control is very useful for UserForms that must display many controls. The
control lets you group the choices and place each
Figure 14-18 shows an example of a UserForm that contains a MultiPage control. In this case, the control has three pages, each with its own tab.
Figure 14-18: MultiPage groups your controls on pages, making them accessible from a tab.
This example is available on the companion CD-ROM. The file is named multipage control demo.xlsm .
The Toolbox also contains a control named TabStrip , which resembles a MultiPage control. However, unlike the MultiPage control, the TabStrip control is not a container for other objects. The MultiPage control is much more versatile, and I've never had a need to actually use the TabStrip control.
Using a MultiPage control can be a bit tricky. The following are some things to keep in mind when using this control:
The tab (or page) that's displayed up front is determined by the control's Value function. A value of displays the first tab, a value of 1 displays the second tab, and so on.
By default, a MultiPage control has two pages. To add a new page in the VBE, right-click a tab and select New Page from the shortcut menu.
When you're working with a MultiPage control, just click a tab to set the properties for that particular page. The Properties window will display the properties that you can adjust.
You might find it difficult to select the actual MultiPage control because clicking the control selects a page within the control. To select the control itself, click its border. Or, you can use the Tab key to cycle among all the controls. Yet another option is to select the MultiPage control from the drop-down list in the Properties window.
If your MultiPage control has lots of tabs, you can set its MultiRow property to True to display the tabs in more than one row.
If you prefer, you can display
The TabOrientation property determines the location of the tabs on the MultiPage control.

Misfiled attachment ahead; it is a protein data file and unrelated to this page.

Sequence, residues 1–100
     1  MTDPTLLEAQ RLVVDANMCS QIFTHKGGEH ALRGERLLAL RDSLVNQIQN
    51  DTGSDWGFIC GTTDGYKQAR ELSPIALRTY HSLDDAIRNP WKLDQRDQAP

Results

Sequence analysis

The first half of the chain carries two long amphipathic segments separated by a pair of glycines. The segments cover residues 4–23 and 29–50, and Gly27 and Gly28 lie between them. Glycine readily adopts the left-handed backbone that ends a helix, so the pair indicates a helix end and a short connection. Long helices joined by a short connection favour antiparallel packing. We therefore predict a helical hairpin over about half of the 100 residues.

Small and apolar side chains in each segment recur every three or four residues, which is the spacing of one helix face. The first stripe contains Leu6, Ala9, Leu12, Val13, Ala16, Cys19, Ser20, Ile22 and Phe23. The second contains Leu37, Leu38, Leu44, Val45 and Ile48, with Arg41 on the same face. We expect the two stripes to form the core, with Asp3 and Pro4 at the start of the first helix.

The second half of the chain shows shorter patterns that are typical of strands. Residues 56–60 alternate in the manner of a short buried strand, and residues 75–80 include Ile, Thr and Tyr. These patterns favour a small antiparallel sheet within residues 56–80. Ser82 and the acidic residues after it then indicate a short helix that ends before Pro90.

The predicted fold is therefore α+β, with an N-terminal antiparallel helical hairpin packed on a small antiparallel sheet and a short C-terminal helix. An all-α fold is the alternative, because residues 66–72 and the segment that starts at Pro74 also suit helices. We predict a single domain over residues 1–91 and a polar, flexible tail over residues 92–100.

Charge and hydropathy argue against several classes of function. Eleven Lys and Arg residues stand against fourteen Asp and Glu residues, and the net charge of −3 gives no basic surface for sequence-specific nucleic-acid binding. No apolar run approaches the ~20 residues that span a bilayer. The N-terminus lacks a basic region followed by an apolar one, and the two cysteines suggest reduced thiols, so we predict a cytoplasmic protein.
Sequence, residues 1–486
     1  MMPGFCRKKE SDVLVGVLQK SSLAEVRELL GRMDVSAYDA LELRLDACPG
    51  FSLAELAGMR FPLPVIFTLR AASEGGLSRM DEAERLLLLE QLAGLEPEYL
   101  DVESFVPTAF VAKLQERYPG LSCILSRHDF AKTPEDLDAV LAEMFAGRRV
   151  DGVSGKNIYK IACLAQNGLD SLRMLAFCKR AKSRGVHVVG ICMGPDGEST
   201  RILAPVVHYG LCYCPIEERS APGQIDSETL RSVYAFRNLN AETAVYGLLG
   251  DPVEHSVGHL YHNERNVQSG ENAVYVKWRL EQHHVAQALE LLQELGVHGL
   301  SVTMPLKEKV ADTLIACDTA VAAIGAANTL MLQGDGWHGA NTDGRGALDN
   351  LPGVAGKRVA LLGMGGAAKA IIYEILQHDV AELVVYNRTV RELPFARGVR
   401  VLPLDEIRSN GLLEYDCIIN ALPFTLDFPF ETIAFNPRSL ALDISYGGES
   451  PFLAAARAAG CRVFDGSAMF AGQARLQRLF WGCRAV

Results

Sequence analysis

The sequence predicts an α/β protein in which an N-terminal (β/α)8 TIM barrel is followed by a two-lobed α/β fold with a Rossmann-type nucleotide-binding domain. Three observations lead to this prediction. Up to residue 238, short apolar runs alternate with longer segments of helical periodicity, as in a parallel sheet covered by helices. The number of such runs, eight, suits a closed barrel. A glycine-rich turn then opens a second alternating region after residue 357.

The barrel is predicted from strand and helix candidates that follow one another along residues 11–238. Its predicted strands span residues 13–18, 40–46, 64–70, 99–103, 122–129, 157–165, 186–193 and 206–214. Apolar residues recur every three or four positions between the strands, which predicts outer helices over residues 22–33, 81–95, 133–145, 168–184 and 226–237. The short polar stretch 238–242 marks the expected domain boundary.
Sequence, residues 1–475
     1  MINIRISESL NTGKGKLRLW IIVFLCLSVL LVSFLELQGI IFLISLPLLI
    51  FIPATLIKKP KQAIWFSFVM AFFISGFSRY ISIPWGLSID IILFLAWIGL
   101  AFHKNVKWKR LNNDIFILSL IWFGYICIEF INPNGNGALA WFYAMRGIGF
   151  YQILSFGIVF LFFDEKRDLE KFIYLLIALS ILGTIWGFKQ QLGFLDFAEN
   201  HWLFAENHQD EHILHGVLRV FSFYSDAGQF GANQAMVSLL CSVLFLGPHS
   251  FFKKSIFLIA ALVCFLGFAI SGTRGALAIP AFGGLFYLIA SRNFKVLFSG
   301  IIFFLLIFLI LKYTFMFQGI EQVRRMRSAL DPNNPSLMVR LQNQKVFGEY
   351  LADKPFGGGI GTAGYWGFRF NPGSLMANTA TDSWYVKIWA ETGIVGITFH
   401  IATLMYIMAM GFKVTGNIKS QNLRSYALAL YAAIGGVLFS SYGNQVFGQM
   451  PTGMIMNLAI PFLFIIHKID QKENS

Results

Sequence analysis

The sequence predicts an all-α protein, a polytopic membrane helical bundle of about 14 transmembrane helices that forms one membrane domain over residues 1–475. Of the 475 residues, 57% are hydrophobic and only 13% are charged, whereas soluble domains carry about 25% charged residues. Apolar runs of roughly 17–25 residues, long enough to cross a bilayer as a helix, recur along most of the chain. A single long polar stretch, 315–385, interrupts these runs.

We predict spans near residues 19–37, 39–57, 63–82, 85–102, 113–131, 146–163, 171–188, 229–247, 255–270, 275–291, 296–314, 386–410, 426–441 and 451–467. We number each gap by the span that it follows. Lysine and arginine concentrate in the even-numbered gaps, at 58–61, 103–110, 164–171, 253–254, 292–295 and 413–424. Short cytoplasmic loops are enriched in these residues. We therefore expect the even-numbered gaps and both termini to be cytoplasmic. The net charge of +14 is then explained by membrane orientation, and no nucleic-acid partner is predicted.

For each page, you can set a transition effect by changing the TransitionEffect property. For example, clicking a tab can cause the new page to push the former page out of the way. Use the TransitionPeriod property to set the speed of the transition effect.
The example in this section uses the Microsoft Date and Time Picker Control. Although this is not an Excel control (it's installed with Windows), it works fine in a UserForm.
To make this control available, add a UserForm to a workbook and follow these steps:
Activate the VBE.
Right-click the Toolbox and choose Additional Controls.
Select View Toolbox if the Toolbox is not visible.
In the Additional Controls dialog box, scroll down and place a check mark
Your Toolbox will display a new control.
Figure 14-19 shows the Date and Time Picker Control in a UserForm, along with the Property window. The Format property determines whether it works with dates or times.
Figure 14-19: The Date and Time Picker Control in a UserForm.
Figure 14-20 shows this control being used. Clicking the drop-down button displays a calendar. When the
Figure 14-20: Inserting a date using the Date and Time Picker Control.
When the UserForm is displayed, the Date and Time Picker displays the current date by setting its Value property in the UserForm_Initialize procedure:
Private Sub UserForm_Initialize() DTPicker1.Value = Date End Sub
The code to handle the Insert button click is as
Private Sub InsertButton_Click() ActiveCell = DTPicker1.Value ActiveCell.Columns.EntireColumn.AutoFit End Sub
This example, named date and time picker.xlsm , is available on the companion CD-ROM.